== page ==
The aim of this Dossier, prepared by the ICC Institute of World Business Law, is to give the reader a comprehensive overview of the difficulties encountered by arbitrators, governments and international organizations in calculating the amounts of recoverable damages in cases of international arbitration.
It is often said that an arbitral award is worth only as much as the ability to secure its enforceability. To the extent the vast majority of prayers for relief in arbitration are for money damages, an arbitral award granting damages is worth only as much as the ability to obtain payment, voluntary or compulsory, of such damages.
When determining recoverable damages, a number of sensitive questions are raised, among them:
- Is there a need for the adoption of a material rule that gives the arbitrator freedom to decide integral compensation of the damage, based on a caseby- case ruling in the matter of how much interest is to be charged?
- When one of the parties is a sovereign state, how can international tribunals provide certainty and ensure transparency in the quantification of damages?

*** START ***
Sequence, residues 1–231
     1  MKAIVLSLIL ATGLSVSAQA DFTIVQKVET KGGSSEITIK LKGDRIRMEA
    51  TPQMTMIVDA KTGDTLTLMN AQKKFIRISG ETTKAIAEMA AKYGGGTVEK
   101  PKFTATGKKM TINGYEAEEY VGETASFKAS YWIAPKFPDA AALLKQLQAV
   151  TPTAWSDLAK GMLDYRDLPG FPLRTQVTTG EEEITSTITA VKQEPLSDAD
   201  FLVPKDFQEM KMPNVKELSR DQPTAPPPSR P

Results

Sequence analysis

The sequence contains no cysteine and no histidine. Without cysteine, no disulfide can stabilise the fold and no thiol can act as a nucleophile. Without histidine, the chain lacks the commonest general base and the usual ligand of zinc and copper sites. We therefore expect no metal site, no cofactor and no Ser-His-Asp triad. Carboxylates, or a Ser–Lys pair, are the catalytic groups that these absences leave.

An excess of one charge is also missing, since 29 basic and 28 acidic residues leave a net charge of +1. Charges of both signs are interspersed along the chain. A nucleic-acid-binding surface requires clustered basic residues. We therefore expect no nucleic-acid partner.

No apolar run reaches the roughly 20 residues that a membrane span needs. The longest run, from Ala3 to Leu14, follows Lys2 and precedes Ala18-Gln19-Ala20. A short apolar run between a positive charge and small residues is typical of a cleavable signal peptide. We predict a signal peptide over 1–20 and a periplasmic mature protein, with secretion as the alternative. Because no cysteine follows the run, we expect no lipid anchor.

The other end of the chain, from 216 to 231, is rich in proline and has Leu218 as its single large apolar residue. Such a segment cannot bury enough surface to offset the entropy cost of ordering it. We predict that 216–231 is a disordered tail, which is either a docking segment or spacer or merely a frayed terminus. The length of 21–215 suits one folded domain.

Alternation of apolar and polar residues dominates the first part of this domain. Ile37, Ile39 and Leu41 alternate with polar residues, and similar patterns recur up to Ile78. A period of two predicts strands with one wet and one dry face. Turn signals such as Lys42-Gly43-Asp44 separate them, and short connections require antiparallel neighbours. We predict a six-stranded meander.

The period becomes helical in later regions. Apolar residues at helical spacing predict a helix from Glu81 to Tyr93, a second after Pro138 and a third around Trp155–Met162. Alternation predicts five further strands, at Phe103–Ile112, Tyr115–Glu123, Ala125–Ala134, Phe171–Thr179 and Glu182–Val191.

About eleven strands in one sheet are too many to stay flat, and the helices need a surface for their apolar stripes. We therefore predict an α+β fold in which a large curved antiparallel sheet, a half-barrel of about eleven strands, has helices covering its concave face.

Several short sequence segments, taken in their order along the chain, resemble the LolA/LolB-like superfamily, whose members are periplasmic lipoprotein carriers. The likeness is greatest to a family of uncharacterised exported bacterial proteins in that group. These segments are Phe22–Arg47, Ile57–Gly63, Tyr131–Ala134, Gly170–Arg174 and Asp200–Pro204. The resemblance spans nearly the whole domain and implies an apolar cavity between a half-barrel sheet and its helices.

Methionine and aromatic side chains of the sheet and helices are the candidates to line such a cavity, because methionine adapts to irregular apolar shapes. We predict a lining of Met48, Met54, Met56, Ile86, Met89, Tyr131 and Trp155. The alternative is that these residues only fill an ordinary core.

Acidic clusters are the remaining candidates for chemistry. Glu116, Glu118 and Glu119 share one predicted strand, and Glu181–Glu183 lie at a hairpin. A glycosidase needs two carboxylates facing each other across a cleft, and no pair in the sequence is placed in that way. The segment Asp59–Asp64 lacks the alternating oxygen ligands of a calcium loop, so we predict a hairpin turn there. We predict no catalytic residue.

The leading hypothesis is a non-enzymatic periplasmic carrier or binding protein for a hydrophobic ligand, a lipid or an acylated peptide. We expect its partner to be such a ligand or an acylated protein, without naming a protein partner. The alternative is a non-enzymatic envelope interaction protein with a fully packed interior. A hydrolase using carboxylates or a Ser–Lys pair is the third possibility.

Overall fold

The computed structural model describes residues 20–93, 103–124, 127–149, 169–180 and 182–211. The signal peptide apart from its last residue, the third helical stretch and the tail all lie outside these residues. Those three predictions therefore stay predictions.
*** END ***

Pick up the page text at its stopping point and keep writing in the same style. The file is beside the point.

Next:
- What are the factors arbitrators and courts in different regions consider in determining how damages should be mitigated?
- In delay and disruption claims, how does one overcome the uncertainty for contractors in formulating their claims, for employers in defending them and for arbitrators and other tribunals in deciding them?
There is a need for both arbitrators and practitioners to understand these issues and to formulate answers to the questions raised. The present volume, written by expert arbitrators and practitioners, many of whom are affiliated with ICC’s renown Court of Arbitration, covers these and other vital issues and proposes practical solutions for resolving them.
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